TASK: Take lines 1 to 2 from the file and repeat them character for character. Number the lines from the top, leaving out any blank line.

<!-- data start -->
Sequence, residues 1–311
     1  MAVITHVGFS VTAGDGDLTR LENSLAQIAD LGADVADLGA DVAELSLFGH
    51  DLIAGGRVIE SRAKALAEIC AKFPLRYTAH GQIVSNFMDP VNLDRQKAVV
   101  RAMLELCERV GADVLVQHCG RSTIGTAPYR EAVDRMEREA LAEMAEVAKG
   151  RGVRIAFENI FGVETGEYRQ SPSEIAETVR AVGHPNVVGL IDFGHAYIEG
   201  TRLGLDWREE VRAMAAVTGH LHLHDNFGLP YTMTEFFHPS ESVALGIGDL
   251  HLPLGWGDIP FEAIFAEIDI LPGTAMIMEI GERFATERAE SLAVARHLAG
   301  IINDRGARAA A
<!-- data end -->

Sequence, residues 1–311
     1  MAVITHVGFS VTAGDGDLTR LENSLAQIAD LGADVADLGA DVAELSLFGH